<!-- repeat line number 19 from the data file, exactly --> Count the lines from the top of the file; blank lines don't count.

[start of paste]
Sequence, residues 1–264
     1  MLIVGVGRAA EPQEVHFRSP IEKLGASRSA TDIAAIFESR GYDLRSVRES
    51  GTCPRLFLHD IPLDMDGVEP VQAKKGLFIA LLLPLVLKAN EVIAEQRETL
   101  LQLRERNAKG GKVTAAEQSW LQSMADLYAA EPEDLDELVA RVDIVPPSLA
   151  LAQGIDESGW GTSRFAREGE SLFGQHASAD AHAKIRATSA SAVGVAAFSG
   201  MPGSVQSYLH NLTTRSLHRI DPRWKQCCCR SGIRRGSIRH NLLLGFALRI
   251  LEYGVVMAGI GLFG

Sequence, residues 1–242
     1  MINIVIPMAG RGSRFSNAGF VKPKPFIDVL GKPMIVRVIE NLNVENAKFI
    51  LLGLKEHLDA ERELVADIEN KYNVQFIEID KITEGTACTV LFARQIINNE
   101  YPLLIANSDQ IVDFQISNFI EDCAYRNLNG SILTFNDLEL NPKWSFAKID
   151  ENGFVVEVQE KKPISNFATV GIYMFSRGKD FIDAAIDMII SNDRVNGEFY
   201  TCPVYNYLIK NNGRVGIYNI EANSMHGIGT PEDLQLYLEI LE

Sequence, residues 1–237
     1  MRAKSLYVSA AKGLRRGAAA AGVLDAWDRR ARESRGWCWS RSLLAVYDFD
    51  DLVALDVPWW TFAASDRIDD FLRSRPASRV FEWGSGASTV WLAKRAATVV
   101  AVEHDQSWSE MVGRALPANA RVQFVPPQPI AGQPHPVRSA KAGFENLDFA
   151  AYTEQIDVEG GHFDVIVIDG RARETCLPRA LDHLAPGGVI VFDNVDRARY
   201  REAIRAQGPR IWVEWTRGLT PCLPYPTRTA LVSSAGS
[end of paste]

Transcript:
   201  REAIRAQGPR IWVEWTRGLT PCLPYPTRTA LVSSAGS